Of note, we found that partner communication about testing was important for testing uptake, for both men and women. Specifically, men and women who talked with their most recent/current sexual partner about getting tested for HIV were significantly more likely to have been tested over the last year. Hence, developing partner communication skills, which is also influenced by gender dynamics, is again highlighted here as it has been in other studies [44, 45].

Another interesting finding concerns the topic of men’s avoidance of help-seeking and health care due to considering this a sign of “weakness”/not reflective of a robust male identity. Prior (mainly qualitative) studies had posited this to be a major reason for men’s limited use of services. For example, a study with male and female participants in an ART cohort study in Malawi concluded that men’s masculinity norms inhibited use of treatment until symptoms presented [46]. Other studies with men living with HIV in South Africa found that men’s norms around traditional masculinity prior to positive HIV diagnosis negatively affected their help-seeking behavior and coping with HIV post-diagnosis [47, 48]. And a study with men in Tanzania reported feelings of embarrassment as well as concerns that visiting a clinic for HIV treatment would negatively affect their social status [49]. In the current study, we found quite limited endorsement for this norm. We also did not find associations between this topic and testing and treatment outcomes, with the exception of women who endorsed this norm reporting less ART use. While it is an issue that warrants further research to understand the complexities, it is feasible that this particular factor is not as influential as earlier understood, and interventions promoting HIV service uptake for men should emphasize other factors (such as increasing the convenience of accessing services in places where men gather).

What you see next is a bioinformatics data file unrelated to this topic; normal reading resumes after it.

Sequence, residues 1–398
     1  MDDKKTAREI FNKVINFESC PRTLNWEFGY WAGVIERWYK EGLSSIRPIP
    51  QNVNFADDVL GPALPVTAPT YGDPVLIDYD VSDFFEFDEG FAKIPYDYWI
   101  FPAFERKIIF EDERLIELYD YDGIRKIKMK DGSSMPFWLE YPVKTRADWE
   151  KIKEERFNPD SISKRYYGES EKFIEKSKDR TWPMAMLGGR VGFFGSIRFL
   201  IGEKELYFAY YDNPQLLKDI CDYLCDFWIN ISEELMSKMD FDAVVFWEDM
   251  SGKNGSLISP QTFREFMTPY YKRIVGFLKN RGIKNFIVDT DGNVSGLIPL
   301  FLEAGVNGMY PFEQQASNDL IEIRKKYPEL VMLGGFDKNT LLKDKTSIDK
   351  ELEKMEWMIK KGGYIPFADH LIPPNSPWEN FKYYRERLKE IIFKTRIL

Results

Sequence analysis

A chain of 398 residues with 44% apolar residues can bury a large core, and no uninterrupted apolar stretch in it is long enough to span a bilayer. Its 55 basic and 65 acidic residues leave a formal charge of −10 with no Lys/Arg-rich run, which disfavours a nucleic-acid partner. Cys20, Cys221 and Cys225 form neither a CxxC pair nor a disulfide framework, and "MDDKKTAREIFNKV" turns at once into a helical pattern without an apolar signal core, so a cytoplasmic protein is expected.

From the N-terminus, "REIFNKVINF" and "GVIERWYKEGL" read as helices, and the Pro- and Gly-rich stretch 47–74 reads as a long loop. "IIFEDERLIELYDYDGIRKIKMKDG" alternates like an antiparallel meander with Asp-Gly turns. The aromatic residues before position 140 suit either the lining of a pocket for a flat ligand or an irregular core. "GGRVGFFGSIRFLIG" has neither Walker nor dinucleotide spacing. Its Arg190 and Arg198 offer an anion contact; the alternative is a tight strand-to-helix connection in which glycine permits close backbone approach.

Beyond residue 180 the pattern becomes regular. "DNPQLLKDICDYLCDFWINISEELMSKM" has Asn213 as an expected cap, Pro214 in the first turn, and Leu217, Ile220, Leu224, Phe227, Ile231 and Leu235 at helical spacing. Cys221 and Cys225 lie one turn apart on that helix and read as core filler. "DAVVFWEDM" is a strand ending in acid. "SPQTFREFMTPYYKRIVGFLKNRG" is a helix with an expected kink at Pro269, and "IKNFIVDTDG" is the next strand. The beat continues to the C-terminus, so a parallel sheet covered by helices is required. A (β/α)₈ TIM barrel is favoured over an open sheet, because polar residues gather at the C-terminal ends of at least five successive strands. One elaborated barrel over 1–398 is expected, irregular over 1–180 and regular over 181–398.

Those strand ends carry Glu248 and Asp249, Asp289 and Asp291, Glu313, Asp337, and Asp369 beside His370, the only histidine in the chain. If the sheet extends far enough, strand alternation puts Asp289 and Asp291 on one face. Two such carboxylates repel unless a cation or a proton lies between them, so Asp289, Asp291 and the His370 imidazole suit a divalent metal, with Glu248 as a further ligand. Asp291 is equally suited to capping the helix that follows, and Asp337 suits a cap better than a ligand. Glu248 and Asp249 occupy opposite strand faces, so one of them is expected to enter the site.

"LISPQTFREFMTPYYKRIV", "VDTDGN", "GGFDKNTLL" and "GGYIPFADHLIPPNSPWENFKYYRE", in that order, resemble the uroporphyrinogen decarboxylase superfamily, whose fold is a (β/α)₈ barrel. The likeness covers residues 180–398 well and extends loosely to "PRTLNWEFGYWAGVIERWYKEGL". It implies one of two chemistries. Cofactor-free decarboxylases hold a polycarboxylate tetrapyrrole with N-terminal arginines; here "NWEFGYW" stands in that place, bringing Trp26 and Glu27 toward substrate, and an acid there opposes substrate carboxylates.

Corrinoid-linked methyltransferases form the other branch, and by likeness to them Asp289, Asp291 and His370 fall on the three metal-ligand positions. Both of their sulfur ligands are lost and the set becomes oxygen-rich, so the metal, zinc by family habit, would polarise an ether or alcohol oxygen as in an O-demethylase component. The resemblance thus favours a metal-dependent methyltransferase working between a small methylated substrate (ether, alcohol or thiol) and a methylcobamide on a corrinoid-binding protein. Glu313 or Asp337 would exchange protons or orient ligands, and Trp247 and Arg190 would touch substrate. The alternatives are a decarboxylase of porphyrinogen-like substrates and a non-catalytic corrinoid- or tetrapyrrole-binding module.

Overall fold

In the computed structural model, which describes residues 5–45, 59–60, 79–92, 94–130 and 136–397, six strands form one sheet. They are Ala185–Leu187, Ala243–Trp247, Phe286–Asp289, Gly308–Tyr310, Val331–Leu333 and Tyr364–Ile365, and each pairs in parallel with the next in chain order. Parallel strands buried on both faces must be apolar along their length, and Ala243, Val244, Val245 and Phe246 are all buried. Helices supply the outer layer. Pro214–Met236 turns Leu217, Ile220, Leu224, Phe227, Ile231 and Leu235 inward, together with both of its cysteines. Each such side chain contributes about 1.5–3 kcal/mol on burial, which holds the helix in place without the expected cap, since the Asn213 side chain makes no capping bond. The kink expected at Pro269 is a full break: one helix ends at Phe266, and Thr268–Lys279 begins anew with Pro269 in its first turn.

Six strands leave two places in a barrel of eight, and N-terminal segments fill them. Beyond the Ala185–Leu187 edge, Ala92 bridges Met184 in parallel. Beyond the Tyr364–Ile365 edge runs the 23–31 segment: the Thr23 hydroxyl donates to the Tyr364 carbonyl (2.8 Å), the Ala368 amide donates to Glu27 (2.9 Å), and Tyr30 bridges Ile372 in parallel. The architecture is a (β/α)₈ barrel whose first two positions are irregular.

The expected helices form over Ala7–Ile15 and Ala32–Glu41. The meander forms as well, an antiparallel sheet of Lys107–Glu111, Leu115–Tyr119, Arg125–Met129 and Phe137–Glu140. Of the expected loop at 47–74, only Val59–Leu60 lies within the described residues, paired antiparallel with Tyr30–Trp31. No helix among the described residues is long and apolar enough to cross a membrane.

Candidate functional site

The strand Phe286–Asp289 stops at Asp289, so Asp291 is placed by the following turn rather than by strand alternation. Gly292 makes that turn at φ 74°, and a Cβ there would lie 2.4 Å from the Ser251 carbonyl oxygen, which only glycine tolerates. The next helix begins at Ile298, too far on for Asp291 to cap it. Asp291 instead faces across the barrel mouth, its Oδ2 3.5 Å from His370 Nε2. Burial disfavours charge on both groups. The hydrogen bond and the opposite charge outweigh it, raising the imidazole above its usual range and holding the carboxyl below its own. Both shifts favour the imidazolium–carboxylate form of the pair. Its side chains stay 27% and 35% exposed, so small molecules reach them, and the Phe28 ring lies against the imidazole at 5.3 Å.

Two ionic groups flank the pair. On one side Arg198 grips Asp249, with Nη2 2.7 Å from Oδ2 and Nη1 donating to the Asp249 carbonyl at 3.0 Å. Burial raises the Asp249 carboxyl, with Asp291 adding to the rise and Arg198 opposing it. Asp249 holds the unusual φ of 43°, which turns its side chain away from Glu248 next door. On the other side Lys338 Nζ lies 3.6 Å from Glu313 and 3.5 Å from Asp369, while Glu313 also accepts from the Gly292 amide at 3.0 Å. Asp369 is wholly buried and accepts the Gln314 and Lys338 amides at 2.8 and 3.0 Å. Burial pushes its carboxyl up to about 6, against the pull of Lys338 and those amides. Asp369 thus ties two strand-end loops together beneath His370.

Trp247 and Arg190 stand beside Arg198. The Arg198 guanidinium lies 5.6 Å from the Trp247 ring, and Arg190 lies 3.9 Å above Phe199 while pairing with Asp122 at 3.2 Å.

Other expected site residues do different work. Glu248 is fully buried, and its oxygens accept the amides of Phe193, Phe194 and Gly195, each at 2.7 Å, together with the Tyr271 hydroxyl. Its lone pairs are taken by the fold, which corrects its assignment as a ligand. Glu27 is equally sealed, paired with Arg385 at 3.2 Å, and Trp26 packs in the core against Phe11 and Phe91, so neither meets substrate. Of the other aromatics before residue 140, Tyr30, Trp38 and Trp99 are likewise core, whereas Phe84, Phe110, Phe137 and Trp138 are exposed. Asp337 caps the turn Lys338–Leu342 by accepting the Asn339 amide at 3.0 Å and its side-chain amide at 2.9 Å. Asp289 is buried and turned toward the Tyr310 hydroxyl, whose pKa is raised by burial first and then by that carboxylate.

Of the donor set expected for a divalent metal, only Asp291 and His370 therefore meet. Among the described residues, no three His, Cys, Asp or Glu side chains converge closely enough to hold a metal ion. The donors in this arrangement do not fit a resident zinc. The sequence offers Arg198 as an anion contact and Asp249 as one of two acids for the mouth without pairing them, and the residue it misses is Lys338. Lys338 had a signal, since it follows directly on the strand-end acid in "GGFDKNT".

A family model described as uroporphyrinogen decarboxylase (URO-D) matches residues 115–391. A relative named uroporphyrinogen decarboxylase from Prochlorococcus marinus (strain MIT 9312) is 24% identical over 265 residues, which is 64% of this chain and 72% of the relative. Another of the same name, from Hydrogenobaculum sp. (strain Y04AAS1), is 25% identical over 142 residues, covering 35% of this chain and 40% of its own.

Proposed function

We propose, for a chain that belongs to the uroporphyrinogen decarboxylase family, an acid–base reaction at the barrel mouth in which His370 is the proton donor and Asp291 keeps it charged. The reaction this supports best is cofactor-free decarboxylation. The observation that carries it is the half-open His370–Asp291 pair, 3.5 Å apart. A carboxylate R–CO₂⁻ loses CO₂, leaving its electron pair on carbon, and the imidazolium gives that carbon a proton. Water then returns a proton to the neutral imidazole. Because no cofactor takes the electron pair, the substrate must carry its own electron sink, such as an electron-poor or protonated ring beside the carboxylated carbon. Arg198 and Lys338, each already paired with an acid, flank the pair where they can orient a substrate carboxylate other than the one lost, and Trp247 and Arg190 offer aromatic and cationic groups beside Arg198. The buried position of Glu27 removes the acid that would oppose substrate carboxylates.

Several limitations to the current study should be highlighted. The data are based on self-report, and this can introduce a fair amount of bias, so future research using other types of more objective measures could strengthen this set of findings. In addition, the limited sample size of HIV-positive individuals, particularly among men (n = 48), meant that we may not have had adequate statistical power for inferential analyses among that subsample (and since we are aware that prevalence rates among men in the community are higher than what was found amongst this sample, those responses may include some bias as well). Further, this is a cross-sectional study, and as such, we cannot make any claims of causation, only association. And finally, there were no variables in the survey to assess whether women received their HIV test via ANC, and thus we were unable to take into account any related confounding influence.

However, this study contributes notably to the field in that it provides quantitative evidence from a community-based sample in South Africa regarding the ways in which views toward gender norms are associated with HIV testing and treatment. Existing evidence suggests that this topic has been explored almost exclusively using qualitative methods. While the current study expands upon or reinforces some of the earlier qualitative findings, it contradicts others. Overall, our findings highlight the point that it is key to understand and address gender norms in interventions to increase uptake of HIV services. Our results also demonstrate the utility of separating out different dimensions of gender norms, since there was not unilateral support for all types of inequitable gender norms, and not all gender norm endorsements were associated in the same way with testing and treatment outcomes.